Hydration is particularly important for children, as they have higher water requirements than adults. Their cooling system isn’t fully developed. The surface area of a child is smaller and sweat glands aren’t fully developed, which makes it much harder for the body to cool itself.
Common signs of dehydration include:
- A dry or sticky mouth
- Few or no tears when crying
- Eyes that look sunken
- In babies, the soft spot (fontanelle) on top of the head looks sunken
- Peeing less or fewer wet diapers than usual
- Dry, cool skin
- Drowsiness or dizziness
Four Gulps Per 15 Minutes
For every 15 minutes of outdoor activity, drink about four ounces of water; this is approximately four large gulps.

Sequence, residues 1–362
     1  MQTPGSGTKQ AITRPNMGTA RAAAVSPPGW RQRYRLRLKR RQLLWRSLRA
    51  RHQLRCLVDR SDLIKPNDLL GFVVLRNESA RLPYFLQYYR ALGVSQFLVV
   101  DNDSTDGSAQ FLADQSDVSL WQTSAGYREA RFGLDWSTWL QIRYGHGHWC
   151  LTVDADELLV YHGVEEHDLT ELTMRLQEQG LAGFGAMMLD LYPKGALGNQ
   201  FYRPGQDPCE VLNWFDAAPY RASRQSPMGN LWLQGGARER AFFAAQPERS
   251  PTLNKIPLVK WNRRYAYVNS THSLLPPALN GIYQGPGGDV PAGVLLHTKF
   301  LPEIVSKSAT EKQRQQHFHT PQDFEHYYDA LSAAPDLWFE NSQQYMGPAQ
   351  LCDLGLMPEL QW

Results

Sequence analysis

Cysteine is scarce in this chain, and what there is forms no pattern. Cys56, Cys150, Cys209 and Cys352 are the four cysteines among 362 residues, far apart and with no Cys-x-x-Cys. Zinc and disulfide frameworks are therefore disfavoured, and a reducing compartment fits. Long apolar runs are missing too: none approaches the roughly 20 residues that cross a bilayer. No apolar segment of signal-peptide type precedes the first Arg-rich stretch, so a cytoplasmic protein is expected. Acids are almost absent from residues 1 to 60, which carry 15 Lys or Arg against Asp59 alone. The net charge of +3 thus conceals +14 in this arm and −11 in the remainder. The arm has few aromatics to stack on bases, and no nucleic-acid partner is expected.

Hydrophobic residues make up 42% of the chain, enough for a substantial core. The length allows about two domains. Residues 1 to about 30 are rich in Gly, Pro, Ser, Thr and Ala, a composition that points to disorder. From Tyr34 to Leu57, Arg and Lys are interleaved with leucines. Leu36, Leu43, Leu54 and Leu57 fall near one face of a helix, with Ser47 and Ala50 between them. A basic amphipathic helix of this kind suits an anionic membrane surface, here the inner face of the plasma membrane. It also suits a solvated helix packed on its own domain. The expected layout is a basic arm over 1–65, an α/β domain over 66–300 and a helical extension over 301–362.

Pretzels, Fruit, Gold Fish
Every 30 – 45 minutes, give the child a snack with salt and potassium to help protect against electrolyte loss and promote hydration. Pretzels, goldfish or a cheese stick with some oranges, banana or strawberries are good options. Avoid sugary sports drinks, which were developed with an adult’s body in mind.
½ Water; ½ Milk, Fruit Juice, or Smoothies
Children should drink half of their fluids from water and the other half from milk, 100 percent fruit juice or smoothies.
Increase Hydration with Popsicles, Gelato, Smoothies, Yogurt
A great way to increase hydration in children is to make homemade popsicles and gelato with real fruit, providing a fresh fruit smoothie made with coconut water, milk or milk substitute. Yogurt after some time outside is great, too!
Skip The Soda: Carbonated water mixed with fruit juice is a great alternative to soda. Use frozen fruit as ice cubes in water or seltzer waters, too.